Federal election 2015: Elizabeth May's exclusion from 2 debates lacks 'solid rationale,' Greens complain
Lack of election debate rules, oversight leads to controversial range of 2015 debate formats
The federal Green party says leader Elizabeth May is being unfairly excluded from two high-profile election debates, denying Canadian voters a full range of national viewpoints.
May has not been invited to an exchange of views on the economy hosted by the Globe and Mail newspaper and Google Canada, nor one on foreign policy planned by the Munk Debates.
Prime Minister Stephen Harper, NDP Leader Tom Mulcair and Liberal Leader Justin Trudeau have been asked to take part in these debates.
- Election debate dates set by broadcasters without Conservatives
- Election debates in Canada, brought to you by Google
- Munk Debates wins bid to host foreign policy faceoff
In both cases, the organizers say they chose to invite leaders whose parties have official status in the House of Commons, which requires at least 12 seats. The Green party, Bloc Quebecois and Forces et Democratie each have two seats.
May has been invited to a number of other events with rival leaders, including one hosted by Maclean's magazine early next month.
Green party spokesman Julian Morelli said in an interview that he privately asked the Globe and Munk organizers to reconsider their decisions, without success.
Morelli said he is "quite stunned" that the organizations would leave May off their invitation lists with no "solid rationale."
"We're not begging to be in these debates with the Globe or Munk, nor should we have to," he said. "This is about Canadians having an opportunity to hear from all the leaders in a forum that's unscripted."
2015 debates charting new course
The run up to the general election, expected in October, will see a variety of encounters in different formats — unlike other recent ballots when major leaders debates have been limited to televised exchanges in English and French.
- Ruffled feathers, power plays: Canada's first election debate was also a headache
- Federal election 2015: How media coverage of debates could change
- Federal election 2015: Conservative move on election debates raises questions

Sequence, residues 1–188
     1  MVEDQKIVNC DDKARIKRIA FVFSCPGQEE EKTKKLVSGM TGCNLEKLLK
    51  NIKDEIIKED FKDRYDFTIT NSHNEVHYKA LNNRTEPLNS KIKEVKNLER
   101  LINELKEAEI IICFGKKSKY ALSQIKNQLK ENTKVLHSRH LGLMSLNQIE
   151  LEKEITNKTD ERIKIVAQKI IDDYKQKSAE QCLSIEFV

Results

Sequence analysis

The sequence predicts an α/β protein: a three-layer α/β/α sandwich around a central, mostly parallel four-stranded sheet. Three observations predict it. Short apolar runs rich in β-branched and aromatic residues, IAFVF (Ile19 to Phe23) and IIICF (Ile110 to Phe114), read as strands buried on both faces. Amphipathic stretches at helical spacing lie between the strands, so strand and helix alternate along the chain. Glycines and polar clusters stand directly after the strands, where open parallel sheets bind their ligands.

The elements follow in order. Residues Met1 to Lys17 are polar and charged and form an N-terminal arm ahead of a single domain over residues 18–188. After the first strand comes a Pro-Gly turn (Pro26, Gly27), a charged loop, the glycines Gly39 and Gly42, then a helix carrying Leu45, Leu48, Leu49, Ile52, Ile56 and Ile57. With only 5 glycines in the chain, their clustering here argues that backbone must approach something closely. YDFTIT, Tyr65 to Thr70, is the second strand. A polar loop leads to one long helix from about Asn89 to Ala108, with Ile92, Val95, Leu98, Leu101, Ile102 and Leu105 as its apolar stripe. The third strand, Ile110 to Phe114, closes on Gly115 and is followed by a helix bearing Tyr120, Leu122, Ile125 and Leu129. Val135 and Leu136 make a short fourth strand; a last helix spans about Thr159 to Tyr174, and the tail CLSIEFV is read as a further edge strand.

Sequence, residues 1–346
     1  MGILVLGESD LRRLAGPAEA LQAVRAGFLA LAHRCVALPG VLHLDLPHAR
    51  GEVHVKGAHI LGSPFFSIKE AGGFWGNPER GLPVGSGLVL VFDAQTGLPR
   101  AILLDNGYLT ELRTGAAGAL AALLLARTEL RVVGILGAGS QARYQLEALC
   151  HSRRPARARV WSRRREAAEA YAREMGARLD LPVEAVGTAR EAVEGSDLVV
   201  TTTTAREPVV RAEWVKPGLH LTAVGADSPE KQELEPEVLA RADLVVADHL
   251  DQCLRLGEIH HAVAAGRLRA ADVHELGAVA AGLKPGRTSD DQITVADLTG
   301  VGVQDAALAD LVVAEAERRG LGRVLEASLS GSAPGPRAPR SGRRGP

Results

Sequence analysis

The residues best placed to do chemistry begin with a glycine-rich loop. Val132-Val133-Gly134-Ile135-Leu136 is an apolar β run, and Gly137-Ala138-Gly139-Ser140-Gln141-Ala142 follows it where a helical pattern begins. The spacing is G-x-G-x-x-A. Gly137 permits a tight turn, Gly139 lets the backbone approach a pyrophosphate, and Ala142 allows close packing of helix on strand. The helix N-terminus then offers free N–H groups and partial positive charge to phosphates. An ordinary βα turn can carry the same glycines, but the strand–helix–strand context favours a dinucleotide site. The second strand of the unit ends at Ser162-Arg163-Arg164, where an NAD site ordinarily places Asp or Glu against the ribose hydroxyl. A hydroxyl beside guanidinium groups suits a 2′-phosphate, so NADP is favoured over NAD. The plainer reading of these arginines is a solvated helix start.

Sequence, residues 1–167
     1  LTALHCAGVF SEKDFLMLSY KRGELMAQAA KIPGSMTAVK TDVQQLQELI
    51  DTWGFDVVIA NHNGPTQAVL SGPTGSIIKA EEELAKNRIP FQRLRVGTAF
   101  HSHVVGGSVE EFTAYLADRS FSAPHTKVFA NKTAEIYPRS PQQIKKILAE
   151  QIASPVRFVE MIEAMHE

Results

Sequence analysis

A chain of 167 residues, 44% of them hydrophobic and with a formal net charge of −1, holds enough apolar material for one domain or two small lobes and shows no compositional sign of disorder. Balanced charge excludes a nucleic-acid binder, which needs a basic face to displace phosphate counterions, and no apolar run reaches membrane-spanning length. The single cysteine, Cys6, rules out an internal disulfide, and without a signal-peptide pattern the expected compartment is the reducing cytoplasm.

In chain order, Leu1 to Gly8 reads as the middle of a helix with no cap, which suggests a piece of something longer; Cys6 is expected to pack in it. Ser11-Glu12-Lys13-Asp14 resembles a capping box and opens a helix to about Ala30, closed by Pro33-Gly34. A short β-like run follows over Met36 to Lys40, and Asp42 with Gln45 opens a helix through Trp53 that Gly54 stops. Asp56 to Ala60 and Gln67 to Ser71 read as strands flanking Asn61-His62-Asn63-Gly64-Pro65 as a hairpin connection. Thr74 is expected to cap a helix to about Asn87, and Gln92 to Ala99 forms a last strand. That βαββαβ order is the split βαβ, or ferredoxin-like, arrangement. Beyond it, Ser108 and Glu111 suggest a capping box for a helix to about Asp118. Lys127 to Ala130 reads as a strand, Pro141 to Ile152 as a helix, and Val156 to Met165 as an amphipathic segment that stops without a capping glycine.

Sean Humphrey, the Globe and Mail's vice-president of marketing, defended the format of the newspaper's planned Calgary event, to be streamed live on globeandmail.com, in partnership with Google Canada, and distributed through YouTube.
"We believe our proposal, and the official parties invited, will lead to focused discussion on the Canadian economy," he said in an email.
Munk Debates chairman Rudyard Griffiths said in May that inviting all six parties with MPs "would unduly limit our ability to hold a substantive debate."
"We really struggled with this," Griffiths said this week in an interview.
"It's somewhat arbitrary to move off the criteria that we've chosen."
Morelli said that's not good enough, stressing that the Green party plans to run a full, national slate of candidates in the election.
In letters to the Globe and Munk, he pointed out that Preston Manning took part in the 1993 TV debate even though the Reform party held just one seat.
Green party invited to other debates
May has led the federal debate on climate change, anti-terrorism legislation and Canada's military involvement in Iraq, Morelli said in the interview.
She has been asked to take part in the televised French and English leaders debates to be aired by a consortium of broadcasters on Oct. 7 and 8 respectively.
May has also agreed to participate in the Aug. 6 leaders debate organized by Maclean's that will be broadcast on several television and radio outlets and stream via Facebook and YouTube.
- Maclean's leaders election debate set for Aug. 6
- Analysis: Election debates matter and are worth fighting for, polls suggest
- Chris Hall: Parties play game of chicken with federal election debates
In addition, May received an invitation this week from the venerable Empire Club of Canada to a debate with other party leaders on business and financial issues — the same general focus as the Globe and Google event.
The Canadian Press is jointly owned by the parent companies of the Globe and Mail, the Toronto Star and Montreal's La Presse.